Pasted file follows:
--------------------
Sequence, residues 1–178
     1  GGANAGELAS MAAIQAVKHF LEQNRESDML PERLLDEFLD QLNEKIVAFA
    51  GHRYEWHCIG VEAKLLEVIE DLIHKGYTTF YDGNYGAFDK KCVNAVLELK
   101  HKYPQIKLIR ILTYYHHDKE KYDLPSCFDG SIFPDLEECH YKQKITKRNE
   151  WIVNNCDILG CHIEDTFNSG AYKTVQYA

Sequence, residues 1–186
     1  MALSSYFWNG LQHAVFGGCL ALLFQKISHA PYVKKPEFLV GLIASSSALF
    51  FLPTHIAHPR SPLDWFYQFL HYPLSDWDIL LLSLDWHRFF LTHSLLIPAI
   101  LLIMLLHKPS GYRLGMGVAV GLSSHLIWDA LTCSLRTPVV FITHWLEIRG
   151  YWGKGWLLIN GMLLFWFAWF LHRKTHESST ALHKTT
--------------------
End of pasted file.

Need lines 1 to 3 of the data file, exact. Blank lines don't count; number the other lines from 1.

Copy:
Sequence, residues 1–178
     1  GGANAGELAS MAAIQAVKHF LEQNRESDML PERLLDEFLD QLNEKIVAFA
    51  GHRYEWHCIG VEAKLLEVIE DLIHKGYTTF YDGNYGAFDK KCVNAVLELK